Having done so just yesterday, I wasn't planning on blogging about anything to do with mortgages quite so quickly, but a front page Monday article by Valerie Bauerlein in the Wall Street Journal was beyond my mortal powers to resist.
No, HomeBanc isn't the only mortgage lender to go bust. They're probably not even the only faith-based lender to do so.
But there are a few of things about the HomeBanc story that do stand out.
First, the widow's mite "severance package". Most of the 1,100 employees pink-slipped on Friday received a $20 gift card. The gift card was not exactly a severance package, per se. It was all that was left in the emergency kitty that employees had funded via voluntary payroll deductions. The $20 - so paltry and demeaning - is, naturally, part of a "compare and contrast" with the $5M package that Patrick Flood, the former CEO, walked away with in January. That's a lot of manna. If they'd only been half as kind to Mr. Flood, they'd still have had $2,000 for severance for the rank and file folks. But, of course, the $5M was then - January's a long time ago - and the lay-offs are now. Still, it's hard to resist a little after-the-fact question regarding the size of Mr. Flood's farewell gift.
There may, however, be some good news for those who lost their jobs. I'm guessing that the just sacked employees who had been short timers will not have to pay back their $60K in training costs, which they were obligated to reimburse HomeBanc for if they didn't last 3 years on the job. The training, of course, may only have been good for hard-sell mortgage lending, and there may not be that many jobs opening up in this field for a while. Or at least we can hope not.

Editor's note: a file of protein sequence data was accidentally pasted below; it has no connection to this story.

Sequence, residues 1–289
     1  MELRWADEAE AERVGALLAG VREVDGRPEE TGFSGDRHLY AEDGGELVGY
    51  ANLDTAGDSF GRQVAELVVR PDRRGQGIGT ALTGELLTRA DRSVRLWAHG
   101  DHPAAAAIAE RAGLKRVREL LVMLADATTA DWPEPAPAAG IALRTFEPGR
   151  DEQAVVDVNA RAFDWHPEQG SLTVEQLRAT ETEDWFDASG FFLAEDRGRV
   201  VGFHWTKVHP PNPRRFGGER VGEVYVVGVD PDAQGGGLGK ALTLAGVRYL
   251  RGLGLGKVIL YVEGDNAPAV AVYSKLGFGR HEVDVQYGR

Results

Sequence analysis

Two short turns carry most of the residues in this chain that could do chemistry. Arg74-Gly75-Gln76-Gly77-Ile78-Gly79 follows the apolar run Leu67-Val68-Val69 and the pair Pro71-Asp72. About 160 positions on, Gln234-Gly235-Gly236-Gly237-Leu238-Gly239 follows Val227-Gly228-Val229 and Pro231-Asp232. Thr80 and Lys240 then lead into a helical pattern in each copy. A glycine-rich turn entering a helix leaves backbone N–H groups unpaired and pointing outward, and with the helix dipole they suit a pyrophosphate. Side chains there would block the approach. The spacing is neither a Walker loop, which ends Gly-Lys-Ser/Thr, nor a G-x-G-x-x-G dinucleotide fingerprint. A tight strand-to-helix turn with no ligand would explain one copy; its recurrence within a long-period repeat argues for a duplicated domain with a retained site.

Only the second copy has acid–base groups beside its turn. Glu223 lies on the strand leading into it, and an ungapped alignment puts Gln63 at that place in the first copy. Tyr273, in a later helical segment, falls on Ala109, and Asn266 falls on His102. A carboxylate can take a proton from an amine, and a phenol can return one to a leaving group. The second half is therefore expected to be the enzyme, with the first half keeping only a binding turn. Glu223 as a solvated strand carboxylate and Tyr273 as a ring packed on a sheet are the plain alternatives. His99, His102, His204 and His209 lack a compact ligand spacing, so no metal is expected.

My favorite numbers in the article, however, were the reserve numbers that HomeBanc maintained. On $5.1 B in mortgages last year, they were holding only $39K in reserves to cover loans that went bad. They had recently upped the reserves to $340K, but for a company writing loans to people whose credit-worthiness was often determined by the faith they shared with their lenders, $340K sounds pretty darned low. Let alone $39K, which wouldn't even cover someone defaulting on a loan on a trailer. Maybe they were counting on a loaves and fishes strategy.
($39K. How can that be right? It sounds like a number right out of the First Farmer's Bank of Dustbowl, not something that would work in this day and age.)
Golden parachute. No severance for the little guy. Shaky financial underpinnings.
We've heard all this before.
What we haven't heard, however, are the words of Mr. Flood, who is hell-bent on jumping into the faith-based mortgage market again.
He says HomeBanc employees and customers will take what they learned and plant the seeds wherever they land. "When Jesus got on the cross, people at the time thought that he failed because he died and the ministry ended," he said. "But people around him have cascaded it into the greatest movement in history. The company being a financial failure doesn't mean that the work has ended."
What are we to make of this odious little comparison?
If I were a faith-based person, I think I'd be offended.
Miracles do happen, but I'm guessing that the people around Mr. Flood will not be cascading him into anything near the greatest mortgage banking resurrection in history.